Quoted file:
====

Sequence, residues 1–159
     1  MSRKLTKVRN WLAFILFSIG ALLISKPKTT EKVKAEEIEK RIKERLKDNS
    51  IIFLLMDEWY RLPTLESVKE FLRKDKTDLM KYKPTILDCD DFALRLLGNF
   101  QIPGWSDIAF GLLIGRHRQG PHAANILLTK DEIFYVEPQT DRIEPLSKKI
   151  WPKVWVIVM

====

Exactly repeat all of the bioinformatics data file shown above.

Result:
Sequence, residues 1–159
     1  MSRKLTKVRN WLAFILFSIG ALLISKPKTT EKVKAEEIEK RIKERLKDNS
    51  IIFLLMDEWY RLPTLESVKE FLRKDKTDLM KYKPTILDCD DFALRLLGNF
   101  QIPGWSDIAF GLLIGRHRQG PHAANILLTK DEIFYVEPQT DRIEPLSKKI
   151  WPKVWVIVM